Future Applications

  • W. Menzel
Part of the Springer Series in Electronics and Photonics book series (SSEP, volume 32)


For system applications, the mm-wave frequency range overlaps, on the one hand, with standard microwave frequencies and, on the other hand, with the optical or IR range. Compared to microwave frequencies, mm-waves offer
  • — additional wide frequency bands for new applications.

  • — Smaller antenna dimensions for a given gain or higher gain for fixed antenna dimensions.

  • — Small component size combined with low weight.

  • — High data rates or spread-spectrum transmission in communication systems.

  • — High resolution of angle, range and Doppler frequencies in radar systems.


Phase Lock Loop Dielectric Resonator Doppler Radar Radar Sensor Harmonic Mixer 
These keywords were added by machine and not by the authors. This process is experimental and the keywords may be updated as the learning algorithm improves.


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Section 9.0

  1. 9.1
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  2. 9.2
    H.J. Kumo: Are millimeter-wave systems affordable now? Microwave J. 16–24 (June 1982)Google Scholar
  3. 9.3
    D.M. Russel: MM-wave snapshot reveals maturing technology. Defense Electronics 113–115 (October 1984)Google Scholar
  4. 9.4
    N.B. Kramer: Must MM-waves wait again? Microwave J. 24–25 (July 1985)Google Scholar
  5. 9.5
    A.E. Braun: Progress in millimeter-waves-where is the infrastructure? Defense Electronics 77–82 (December 1982)Google Scholar
  6. 9.6
    H. Meinel, B. Rembold: Commercial and scientific applications of millimetric and submillimetric waves. The Radio and Electronic Engineer, No. 7/8, 351–360 (1979)CrossRefGoogle Scholar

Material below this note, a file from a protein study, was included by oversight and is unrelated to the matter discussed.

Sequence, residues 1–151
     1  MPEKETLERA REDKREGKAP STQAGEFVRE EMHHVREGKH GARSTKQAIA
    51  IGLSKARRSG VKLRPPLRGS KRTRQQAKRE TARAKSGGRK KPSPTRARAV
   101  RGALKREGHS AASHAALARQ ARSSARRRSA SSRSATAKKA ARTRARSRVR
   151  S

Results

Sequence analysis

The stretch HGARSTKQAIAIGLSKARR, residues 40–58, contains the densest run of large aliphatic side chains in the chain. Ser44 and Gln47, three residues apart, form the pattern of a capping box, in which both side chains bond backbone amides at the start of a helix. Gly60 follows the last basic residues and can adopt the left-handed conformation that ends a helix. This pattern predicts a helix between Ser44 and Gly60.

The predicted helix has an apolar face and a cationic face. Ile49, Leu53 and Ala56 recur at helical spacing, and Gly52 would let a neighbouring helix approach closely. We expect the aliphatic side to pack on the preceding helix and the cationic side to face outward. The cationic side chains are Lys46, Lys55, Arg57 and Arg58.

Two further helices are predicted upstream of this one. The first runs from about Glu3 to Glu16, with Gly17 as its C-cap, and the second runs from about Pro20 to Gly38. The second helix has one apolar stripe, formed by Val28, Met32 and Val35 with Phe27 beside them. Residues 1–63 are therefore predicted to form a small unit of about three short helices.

7. 9.7
    K. Lindner, W. Wiesbeck: Die Mikrowellenbaugruppen eines 35 GHz Abstandswarnradars für Kraftfahrzeuge (the microwave components of a 35 GHz anticollision radar for cars). Mikrowellen Magazin 398–403 (May 1977)Google Scholar
  8. 9.8
    G. Neininger: Vehicle Collision Avoidance Radar. Funkschau 49, 389–393 (September 1977) (in German)Google Scholar
  9. 9.9
    T.H. Oxley, C. Burnett: MM-Wave (30–110 GHz) hybrid microstrip technology. Microw. J. Part I: 36-44 (March 1986), Part II: 177-185 (May 1986)Google Scholar
  10. 9.10
    K. Solbach: The status of printed MM-wave E-plane circuits. IEEE Trans. MTT-31, 107–121 (1983)Google Scholar
  11. 9.11
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  12. 9.12
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  13. 9.13
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  14. 9.14
    B. Rembold, H.G. Wippich, M. Bischoff, W.F.X. Frank: A 60 GHz collision warning sensor for helicopters. Military Microw. Conf., London (1982) pp. 344-351Google Scholar
  15. 9.15
    W. Linss et al.: MM-wave radar sensor for traffic data acquisition systems. Proc. SBMO, Int. Microw. Symp. Sao Paulo, Brazil (1989) pp. 513–521Google Scholar
  16. 9.16
    H.-J. Fischer: Digital beacon vehicle communication at 61 GHz for interactive dynamic traffic management. 8th Int’l Conf. on Automotive Electronics, London (1991) pp. 120-124Google Scholar
  17. 9.17
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    S.A. Mohamed, M. Pilgrim: 29 GHz point-to-point radio systems for local distribution. British Telecom Technology 2, 29–40 (1984)Google Scholar